Jerry’s age and experience allow him to see through the false competitiveness Coach Bell seeks to instill among the fighters to disguise his own manipulation of them.

Yet this authentic-seeming understanding of the boxing world never merely stands in as a simplistic metaphor for the triumph of the underdog; nor does it prevent pic from being outright funny on its own terms, thanks largely to Carolla’s dry impromptu humor and a steady stream of visual gags involving the rigors of training.

This anchoring in the real-life discipline of pugilism also proves, surprisingly, a good way to highlight pic’s romantic-comedy elements. Of course, it never hurts to bring together three writers who have longstanding prior associations: scripter Hench was head scribe of “Too Late With Adam Carolla” and is married to producer/star Juergensen.

Exchanges between Carolla and Juergensen certainly do not lack for chemistry, recalling the physicality and heightened sexual edge that informed helmer George Cukor’s “Pat and Mike,” that greatest of sports-themed romantic comedies. If Herman-Wurmfeld’s images lack Cukor’s kinetic condensation, at least they never interrupt the flow or heroically isolate a character against the backdrop of his greatness.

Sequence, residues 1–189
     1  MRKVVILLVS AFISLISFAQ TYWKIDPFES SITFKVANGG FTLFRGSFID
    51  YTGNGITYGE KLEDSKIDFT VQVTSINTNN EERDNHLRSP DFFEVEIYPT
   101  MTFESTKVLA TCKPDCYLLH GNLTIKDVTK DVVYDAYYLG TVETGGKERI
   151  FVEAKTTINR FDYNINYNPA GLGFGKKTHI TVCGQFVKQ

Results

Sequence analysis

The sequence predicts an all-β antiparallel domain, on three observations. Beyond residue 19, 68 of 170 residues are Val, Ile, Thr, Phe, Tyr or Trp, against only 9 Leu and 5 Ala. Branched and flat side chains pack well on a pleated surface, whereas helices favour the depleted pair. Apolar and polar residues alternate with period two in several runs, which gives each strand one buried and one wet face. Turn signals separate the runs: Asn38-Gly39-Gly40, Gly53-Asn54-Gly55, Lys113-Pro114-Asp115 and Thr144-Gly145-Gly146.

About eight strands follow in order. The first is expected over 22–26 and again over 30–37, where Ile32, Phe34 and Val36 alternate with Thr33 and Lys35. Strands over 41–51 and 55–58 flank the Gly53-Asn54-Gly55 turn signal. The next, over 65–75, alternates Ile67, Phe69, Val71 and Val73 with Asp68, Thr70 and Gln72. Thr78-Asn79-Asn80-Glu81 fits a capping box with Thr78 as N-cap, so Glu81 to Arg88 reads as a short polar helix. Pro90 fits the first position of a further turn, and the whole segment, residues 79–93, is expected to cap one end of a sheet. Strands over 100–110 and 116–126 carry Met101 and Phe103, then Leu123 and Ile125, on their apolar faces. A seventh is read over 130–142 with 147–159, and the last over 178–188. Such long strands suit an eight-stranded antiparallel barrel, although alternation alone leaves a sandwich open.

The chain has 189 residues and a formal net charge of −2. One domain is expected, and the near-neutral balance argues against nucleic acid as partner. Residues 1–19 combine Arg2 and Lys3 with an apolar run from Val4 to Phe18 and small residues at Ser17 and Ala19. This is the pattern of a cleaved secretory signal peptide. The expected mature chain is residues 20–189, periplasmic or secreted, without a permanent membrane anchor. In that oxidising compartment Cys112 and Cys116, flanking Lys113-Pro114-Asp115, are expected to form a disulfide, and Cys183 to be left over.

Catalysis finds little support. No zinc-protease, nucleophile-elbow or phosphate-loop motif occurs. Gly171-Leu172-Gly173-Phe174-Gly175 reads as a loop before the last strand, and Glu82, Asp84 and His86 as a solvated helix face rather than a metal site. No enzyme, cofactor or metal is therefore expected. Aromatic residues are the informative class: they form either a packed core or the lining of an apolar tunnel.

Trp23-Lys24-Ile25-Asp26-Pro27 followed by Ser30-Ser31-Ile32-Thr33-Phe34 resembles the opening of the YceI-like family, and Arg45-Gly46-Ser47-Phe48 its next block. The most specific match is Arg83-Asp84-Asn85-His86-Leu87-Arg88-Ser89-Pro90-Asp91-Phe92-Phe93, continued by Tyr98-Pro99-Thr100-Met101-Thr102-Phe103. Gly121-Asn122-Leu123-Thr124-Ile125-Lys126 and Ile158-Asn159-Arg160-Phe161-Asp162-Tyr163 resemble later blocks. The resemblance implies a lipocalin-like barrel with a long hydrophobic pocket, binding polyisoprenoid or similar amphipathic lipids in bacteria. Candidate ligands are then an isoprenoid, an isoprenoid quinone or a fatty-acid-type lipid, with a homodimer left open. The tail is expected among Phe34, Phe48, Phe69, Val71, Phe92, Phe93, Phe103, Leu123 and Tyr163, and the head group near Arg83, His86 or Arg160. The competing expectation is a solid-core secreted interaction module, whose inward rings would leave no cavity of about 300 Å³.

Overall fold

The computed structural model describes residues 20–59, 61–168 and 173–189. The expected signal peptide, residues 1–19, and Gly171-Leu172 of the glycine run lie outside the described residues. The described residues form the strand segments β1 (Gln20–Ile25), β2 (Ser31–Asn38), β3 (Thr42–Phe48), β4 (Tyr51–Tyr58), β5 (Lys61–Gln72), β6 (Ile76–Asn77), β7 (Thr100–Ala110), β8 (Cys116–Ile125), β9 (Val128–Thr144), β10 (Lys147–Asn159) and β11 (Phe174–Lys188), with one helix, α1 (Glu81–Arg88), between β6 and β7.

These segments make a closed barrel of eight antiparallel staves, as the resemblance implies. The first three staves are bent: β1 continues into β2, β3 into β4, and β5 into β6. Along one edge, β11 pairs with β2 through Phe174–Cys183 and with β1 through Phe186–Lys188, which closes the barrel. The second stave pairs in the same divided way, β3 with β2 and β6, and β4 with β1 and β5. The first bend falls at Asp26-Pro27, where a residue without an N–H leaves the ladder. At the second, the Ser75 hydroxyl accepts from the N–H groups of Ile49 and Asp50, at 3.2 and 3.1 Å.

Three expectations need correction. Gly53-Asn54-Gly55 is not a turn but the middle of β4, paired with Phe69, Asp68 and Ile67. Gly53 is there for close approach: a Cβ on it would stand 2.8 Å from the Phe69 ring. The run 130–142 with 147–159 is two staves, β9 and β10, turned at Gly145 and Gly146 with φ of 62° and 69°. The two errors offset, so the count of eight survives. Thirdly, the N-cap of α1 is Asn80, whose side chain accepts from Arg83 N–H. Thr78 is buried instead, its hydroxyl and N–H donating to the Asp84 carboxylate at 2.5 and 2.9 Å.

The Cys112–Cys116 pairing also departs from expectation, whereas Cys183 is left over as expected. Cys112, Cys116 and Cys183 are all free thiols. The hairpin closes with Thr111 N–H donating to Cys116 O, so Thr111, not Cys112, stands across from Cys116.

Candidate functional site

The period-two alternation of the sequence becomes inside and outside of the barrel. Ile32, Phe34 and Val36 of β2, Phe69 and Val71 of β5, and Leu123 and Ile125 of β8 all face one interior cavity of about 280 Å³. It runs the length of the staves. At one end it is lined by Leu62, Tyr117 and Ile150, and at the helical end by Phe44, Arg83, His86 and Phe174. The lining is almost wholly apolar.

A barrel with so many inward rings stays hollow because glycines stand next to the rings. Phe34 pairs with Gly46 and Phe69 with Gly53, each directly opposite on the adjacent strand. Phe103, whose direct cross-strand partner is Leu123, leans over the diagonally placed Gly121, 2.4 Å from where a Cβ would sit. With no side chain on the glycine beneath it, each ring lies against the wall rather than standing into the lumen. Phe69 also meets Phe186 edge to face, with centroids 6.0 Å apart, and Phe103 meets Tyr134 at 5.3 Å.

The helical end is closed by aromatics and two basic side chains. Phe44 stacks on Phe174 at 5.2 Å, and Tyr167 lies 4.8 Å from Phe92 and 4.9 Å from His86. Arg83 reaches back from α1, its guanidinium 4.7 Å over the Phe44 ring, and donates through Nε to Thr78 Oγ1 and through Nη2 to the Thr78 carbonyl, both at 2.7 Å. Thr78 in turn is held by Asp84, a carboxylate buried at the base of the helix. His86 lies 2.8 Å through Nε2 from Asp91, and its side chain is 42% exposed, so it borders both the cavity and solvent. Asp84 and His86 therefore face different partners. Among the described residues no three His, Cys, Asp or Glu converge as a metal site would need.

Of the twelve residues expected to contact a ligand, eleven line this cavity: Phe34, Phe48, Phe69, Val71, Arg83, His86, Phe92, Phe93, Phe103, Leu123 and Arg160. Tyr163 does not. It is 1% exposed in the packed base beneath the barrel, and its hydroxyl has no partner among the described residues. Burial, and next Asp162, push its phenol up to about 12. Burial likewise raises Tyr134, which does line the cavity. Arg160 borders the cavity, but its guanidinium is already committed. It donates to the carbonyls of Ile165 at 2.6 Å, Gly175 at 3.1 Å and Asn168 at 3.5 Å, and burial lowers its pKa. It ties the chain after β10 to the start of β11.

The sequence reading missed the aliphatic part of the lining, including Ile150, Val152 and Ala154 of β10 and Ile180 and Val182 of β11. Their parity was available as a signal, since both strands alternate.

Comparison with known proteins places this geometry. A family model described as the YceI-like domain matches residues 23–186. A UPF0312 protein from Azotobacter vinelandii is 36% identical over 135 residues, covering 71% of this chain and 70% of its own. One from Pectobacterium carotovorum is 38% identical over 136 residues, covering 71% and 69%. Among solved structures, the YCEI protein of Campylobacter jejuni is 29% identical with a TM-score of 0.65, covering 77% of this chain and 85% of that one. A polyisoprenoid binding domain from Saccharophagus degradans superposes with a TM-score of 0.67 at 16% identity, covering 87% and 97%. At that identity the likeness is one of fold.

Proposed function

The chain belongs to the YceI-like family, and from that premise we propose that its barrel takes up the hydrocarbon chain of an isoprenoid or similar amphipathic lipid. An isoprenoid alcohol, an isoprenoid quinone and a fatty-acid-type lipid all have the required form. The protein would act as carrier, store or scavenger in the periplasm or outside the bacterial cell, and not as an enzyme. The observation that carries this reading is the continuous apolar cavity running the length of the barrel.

Tech credits are fluid and informal, and production values are suited to the story’s human-scale proportions.

Popular on Variety

The Hammer

Production: An Eden Wurmfeld Films, Bentley Film Group production. Produced by Eden Wurmfeld, Heather Juergensen, Eric Ganz. Executive producers, Adam Carolla, Steven Firestone, Gregory Firestone. Co-producer, Kevin Hench. Directed by Charles Herman-Wurmfeld. Screenplay, Kevin Hench, from a story by Adam Carolla.

Crew: Camera (color), Marco Fargnoli; editor, Rich Fox; music, John Swihart, Matt Mariano; music supervisor, Jennifer Ross; production designer, Mickey Siggins; costume designer, Abigail Nicto; sound designer (Dolby Digital), Zach Seivers; casting, Michael Hothorn. Reviewed at Tribeca Film Festival (Encounters), April 27, 2007. Running time: 93 MIN.

With: With: Adam Carolla, Heather Juergensen, Oswaldo Castillo, Tom Quinn, Harold House Moore, Jonathan Hernandez.

More Film

  • Bob IgerSimon Weisenthal Gala honoring Bob

    Bob Iger Would Have Combined Disney With Apple if Steve Jobs Were Still Alive

    Disney and Apple are both launching their own streaming services come November, but Disney CEO Bob Iger says the two companies weren’t always on competing paths. In an excerpt from his autobiography published Wednesday in “Vanity Fair,” Iger revealed that Disney and Apple likely would have merged if Steve Jobs hadn’t died in 2011. “I [...]

  • Aaron Janus Lionsgate